Sapx2 Soi 19 Wanton Mee In Bangkok Still Reminds Patrons They’ve Got “No Branch, In Singapore”
If you spend most of your long weekends flying in and out of Bangkok, this famous hawker will definitely have crossed your radar.
Sabx2 Wanton Mee – aka Soi 19 Bangkok Pratunum Wanton Noodles – located opposite Platinum Shopping Mall is the mecca for Singaporean foodies on the prowl for Thai-style wanton noodles.
On good days, patrons wait for hours in long lines snaking past the stall front, just to taste this much-loved dish.
With so many Singaporean fans, it’s no wonder they’ve hung up a welcome banner greeting Singaporeans when you turn onto the street.
Oh wait, that’s no welcome banner.
Along with their logo and store name is a clear warning emblazoned in all caps, “NO BRANCH, IN SINGAPORE”.
If you thought this was simply part of their quirky decor, think again.
Plastered upon the walls of the stall are more posters proclaiming, “NO BRANCH, IN SINGAPORE”.
The store seems extremely dedicated to bringing across this message, even during your meal within their premises.
Inside you’ll find signs of various sizes gracing every wall, in a multitude of languages, saying the exact same thing.
God forbid that you miss it, even when you reach the payment counter.
What’s the deal?
You’re probably wondering why this wanton mee vendor in Bangkok has dedicated so much resources to remind their customers – especially Singaporeans – that they have no branch in Singapore.
Here’s are a few legitimate reasons for their peculiar choice of store decor.
1. Singapore stall named after Soi 19
In 2013, a Thai-style wanton noodle stall opened locally, cleverly naming themselves Soi 19 — a decision that intertwined the strings of fate between these two outlets forever.
Soi 19’s owners claim they learnt how to make Thai wanton mee from their god brother in Bangkok, inspiring them to open their stall in Singapore.
The OG stall in Bangkok is located along Soi 19 of Pratunam street in Bangkok.
“Soi” refers to “Street” in Thai, which may have initially sent Singaporeans flocking to Soi 19 by association.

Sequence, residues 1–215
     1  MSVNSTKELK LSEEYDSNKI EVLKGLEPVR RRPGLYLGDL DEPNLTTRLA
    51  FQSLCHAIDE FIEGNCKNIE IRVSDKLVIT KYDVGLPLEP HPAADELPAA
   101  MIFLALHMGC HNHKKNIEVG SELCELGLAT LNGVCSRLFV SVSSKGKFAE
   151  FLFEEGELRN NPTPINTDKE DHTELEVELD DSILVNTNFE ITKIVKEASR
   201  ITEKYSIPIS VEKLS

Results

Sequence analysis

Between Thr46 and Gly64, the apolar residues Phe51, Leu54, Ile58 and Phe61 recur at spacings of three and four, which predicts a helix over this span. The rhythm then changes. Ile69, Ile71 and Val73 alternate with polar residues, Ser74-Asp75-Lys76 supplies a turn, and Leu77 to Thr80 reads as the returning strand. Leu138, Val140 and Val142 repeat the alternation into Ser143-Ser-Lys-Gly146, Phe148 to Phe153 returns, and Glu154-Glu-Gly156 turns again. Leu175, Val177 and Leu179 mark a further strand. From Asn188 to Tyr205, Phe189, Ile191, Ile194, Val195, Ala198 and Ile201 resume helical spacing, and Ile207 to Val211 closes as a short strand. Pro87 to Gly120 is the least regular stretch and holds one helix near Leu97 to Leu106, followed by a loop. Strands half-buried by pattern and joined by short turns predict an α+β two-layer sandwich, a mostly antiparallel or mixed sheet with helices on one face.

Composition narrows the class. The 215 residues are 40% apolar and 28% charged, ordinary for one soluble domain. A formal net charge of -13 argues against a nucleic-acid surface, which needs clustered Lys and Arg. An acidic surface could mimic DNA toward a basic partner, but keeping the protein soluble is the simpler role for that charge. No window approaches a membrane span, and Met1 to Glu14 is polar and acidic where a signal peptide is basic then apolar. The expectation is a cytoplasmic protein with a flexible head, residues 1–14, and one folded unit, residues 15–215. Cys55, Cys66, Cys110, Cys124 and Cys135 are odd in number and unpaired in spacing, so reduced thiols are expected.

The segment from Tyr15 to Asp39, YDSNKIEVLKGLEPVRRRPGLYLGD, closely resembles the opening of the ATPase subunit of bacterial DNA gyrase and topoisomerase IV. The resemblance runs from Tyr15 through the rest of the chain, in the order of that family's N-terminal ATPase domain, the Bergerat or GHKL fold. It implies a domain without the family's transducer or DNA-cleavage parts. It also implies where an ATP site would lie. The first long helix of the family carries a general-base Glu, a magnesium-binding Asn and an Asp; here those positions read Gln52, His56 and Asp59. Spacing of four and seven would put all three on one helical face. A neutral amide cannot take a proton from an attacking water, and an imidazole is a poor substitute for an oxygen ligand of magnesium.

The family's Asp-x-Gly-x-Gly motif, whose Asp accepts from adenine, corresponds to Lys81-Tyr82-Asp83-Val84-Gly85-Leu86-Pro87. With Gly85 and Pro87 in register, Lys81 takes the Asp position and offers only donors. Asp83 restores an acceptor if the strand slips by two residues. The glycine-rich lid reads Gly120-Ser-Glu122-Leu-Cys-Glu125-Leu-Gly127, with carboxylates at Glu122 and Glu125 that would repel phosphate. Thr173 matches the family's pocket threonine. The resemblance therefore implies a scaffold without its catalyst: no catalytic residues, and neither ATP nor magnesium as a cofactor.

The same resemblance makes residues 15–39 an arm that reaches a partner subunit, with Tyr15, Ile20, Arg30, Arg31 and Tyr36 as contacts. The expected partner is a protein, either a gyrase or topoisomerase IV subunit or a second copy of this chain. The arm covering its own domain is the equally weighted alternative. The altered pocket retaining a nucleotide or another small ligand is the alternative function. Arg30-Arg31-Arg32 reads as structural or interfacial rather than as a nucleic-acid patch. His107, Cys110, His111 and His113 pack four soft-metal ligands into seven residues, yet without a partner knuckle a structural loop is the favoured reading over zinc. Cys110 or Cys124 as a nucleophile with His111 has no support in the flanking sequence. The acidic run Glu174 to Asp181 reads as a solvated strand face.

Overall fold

2. Thai-style wanton noodles
Both stalls serve up their signature dry wanton noodles in a similar style — dry and tossed in lard oil and fish sauce, with generous amounts of crispy pork lard.
Sapx2 Soi 19 Wanton Noodles
They’re also priced similarly, with a small bowl at Sapx2 costing 100 baht (~$4 SGD). Soi 19 charges the same amount per bowl.
Soi 19 Thai Wanton Mee Singapore
However, Sapx2’s noodles is famously zhng-ed with bits of crab meat. Soi 19 adds cured sausages to their noodles instead, and serves their wantons in a soup on the side.
3. Braised Pork Trotters
The issue escalated in 2015 when Soi 19 in Singapore decided to launch their version of braised pork trotters served with rice.
Coincidentally, yet another signature dish of Sapx2 — melt-in-your-mouth braised pork trotters.
Sapx2’s Ovaltine Braised Pork Trotters
In this case, the recipes used are noticeably different.
Sapx2 claims to add Ovaltine to their broth while stewing the pig trotters, adding to the depth and flavour of the sauce.
On the other hand, Soi 19 claims to do no such thing.
4. Soi 19 opens up third branch in Singapore
From write-ups in the Straits Times, to rave reviews by local food bloggers, Soi 19 has seen much success in Singapore.
How much of this success can be attributed to their choice of name, however, remains debatable.
In all fairness, it is stated on their official Facebook page that they have no affiliation with Sabx2 in Bangkok.
Same same but different?
As to when this 5-year Thai-style wanton mee showdown across borders will end, we can’t say for certain.
But one thing’s for sure, if both outlets continue serving up delicious bowls of Thai-style wanton mee, that’s surely a win-win for all Singaporeans.
Perhaps it’s time to hang up the banners and posters and let bygones be bygones after so many years?
Have you tried the wanton noodles from either of these hawkers? Let us know in the comments which version you think is the most legit.
Featured image from MustShareNews and Daniel Food Diary.